Knowing all these details, we were anticipating that most of the products bearing Somerville's name would be state-of-the-art slam dunks. Alas, many of them are far afield from that level of formulation. When it comes to giving skin what it needs to function as healthily and normally as possible (and, at these prices, that's what you should expect), this line is, unfortunately, hit or miss. What Somerville knows about giving an amazing facial is one thing, but she clearly missed the research that proves how problematic several of the plant oils that she uses can be. A professional concerned with the health of her clients' skin shouldn't be formulating products with cinnamon, grapefruit, and lavender oils, among others.

If we were one of Somerville's clients, we'd certainly take her to task for that oversight, but we'd also want to know why she offers only one sunscreen and doesn't offer any effective AHA or BHA exfoliants. A discussion of advanced skin science and state-of-the-art ingredients is not sufficient if your product line has gaps: limited sun protection options, no reliable exfoliants, no non-drying cleansers, and a complete lack of options to treat skin discolorations (pigment irregularities, unlike blackheads, cannot be manually extracted, which makes the absence of a skin lightening product an issue).

This product line may not be the one you want to build your skin-care routine around, but there are some exceptional products. Of all the aesthetician-backed lines we've reviewed, none come as close to providing the level of formulary excellence of many of Somerville's moisturizers and serums. They're pricey, but if you're going to spend in excess for skin-care products, you should be doing so on products that stand a very good chance of markedly improving your skins appearance. We are curious to see how this product line will expand and (hopefully) improve over the years. The current mishmash of awesome and awful products makes it risky to shop this line blindly (or on the sole rationale of a celebrity endorsement), but with careful consideration to avoid irritants you can find some products of value. Hopefully, she will expand the line to fill in the current gaps (especially for sun protection) and eliminate the irritants.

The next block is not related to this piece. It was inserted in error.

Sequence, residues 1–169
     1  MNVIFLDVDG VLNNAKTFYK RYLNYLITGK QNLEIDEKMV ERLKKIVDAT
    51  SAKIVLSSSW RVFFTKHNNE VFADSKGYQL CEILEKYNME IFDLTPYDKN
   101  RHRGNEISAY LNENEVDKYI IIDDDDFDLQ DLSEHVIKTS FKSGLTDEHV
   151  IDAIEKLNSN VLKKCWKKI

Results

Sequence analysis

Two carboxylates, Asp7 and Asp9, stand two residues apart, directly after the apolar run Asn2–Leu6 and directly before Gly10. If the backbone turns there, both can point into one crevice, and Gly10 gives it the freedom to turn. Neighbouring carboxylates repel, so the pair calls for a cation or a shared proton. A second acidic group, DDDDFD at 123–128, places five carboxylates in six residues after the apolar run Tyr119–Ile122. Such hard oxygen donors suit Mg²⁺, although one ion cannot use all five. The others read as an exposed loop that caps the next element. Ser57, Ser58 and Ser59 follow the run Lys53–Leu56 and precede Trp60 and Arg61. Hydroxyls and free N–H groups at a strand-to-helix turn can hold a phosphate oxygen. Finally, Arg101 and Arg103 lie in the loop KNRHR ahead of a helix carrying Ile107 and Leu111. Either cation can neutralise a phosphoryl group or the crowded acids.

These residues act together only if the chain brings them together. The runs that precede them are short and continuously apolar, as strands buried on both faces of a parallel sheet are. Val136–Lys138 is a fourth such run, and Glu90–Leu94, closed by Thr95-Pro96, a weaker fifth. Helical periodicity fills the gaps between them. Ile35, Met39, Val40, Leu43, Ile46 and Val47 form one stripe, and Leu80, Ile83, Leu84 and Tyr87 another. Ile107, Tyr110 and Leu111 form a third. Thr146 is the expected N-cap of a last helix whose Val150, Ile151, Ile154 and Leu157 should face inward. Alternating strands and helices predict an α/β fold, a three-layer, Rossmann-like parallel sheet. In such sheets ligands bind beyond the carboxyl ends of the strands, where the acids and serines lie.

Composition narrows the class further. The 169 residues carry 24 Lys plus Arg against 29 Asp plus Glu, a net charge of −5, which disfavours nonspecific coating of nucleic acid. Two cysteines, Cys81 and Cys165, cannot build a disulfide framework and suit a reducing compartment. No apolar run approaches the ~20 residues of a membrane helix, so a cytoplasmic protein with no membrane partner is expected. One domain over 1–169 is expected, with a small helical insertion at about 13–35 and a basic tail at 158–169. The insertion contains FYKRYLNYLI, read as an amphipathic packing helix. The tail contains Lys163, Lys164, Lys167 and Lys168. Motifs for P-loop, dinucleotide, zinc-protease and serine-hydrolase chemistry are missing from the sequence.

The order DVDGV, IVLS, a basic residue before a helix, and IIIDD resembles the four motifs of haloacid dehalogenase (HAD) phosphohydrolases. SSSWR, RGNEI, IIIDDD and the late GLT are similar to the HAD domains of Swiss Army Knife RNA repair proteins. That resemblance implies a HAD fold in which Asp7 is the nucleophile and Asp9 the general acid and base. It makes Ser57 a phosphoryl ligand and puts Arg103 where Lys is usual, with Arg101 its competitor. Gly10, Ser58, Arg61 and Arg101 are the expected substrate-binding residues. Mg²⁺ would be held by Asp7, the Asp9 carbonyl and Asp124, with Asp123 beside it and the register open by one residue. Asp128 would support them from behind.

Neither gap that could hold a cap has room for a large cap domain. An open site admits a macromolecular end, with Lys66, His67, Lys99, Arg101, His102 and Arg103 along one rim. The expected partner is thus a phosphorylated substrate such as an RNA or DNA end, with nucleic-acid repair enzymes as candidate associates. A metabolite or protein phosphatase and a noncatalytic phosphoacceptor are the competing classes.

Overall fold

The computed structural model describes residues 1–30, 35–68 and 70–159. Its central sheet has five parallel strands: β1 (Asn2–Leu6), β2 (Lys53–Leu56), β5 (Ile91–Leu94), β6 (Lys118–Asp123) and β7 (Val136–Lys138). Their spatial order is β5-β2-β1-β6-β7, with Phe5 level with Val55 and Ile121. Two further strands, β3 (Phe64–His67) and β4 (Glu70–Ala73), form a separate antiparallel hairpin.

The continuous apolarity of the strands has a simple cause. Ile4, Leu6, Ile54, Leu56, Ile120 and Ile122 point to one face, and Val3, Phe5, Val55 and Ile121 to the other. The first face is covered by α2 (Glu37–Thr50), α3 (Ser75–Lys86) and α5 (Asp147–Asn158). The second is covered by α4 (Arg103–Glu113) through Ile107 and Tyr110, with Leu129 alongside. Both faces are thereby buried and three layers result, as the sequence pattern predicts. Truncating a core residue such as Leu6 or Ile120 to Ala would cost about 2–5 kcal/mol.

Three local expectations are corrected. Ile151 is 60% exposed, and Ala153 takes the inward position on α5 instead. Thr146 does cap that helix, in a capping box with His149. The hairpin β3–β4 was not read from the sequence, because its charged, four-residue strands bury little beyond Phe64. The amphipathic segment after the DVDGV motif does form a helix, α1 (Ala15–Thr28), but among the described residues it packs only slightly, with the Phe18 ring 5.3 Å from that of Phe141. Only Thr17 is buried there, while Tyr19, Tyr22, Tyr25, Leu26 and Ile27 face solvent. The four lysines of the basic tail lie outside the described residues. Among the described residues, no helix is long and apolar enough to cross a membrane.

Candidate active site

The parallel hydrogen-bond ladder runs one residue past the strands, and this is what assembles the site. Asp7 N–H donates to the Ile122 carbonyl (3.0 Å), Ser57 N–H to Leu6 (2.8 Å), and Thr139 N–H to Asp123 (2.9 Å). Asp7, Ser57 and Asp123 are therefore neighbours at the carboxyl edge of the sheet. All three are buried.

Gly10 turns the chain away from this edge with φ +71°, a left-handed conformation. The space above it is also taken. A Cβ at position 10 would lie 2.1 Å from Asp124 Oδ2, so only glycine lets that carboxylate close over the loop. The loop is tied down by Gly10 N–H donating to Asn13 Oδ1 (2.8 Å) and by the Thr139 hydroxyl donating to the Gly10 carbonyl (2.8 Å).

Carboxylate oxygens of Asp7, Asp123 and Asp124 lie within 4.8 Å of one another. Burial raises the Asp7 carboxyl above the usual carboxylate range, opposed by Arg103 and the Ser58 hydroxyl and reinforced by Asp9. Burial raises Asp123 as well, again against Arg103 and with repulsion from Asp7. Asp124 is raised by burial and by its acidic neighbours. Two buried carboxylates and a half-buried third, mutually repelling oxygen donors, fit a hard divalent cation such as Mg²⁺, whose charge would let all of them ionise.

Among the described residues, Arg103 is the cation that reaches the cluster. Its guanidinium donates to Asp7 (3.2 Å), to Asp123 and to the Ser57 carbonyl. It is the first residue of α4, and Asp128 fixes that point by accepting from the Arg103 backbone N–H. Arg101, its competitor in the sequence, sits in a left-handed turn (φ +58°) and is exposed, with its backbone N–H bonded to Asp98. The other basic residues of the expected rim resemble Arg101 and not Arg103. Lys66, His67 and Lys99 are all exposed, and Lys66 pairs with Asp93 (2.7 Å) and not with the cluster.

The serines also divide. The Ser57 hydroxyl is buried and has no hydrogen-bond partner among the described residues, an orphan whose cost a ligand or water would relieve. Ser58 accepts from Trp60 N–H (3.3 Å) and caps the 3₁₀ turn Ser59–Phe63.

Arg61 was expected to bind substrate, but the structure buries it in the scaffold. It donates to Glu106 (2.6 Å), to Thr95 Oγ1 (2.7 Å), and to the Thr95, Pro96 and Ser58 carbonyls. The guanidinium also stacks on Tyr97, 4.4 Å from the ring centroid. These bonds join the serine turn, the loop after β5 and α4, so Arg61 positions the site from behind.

For more information about Kate Somerville, now owned by Unilever, call (800) 984-5283 or visit www.katesomerville.com.

About the Experts

The Beautypedia team consists of skin care and makeup experts personally trained by the original Cosmetics Cop and best-selling beauty author, Paula Begoun. We’re fascinated by skin care and makeup products and thrilled when they meet or exceed our expectations, but we’re also disappointed when they fail to perform as claimed, are wildly overpriced, or contain ingredients scientific research has proven can hurt skin.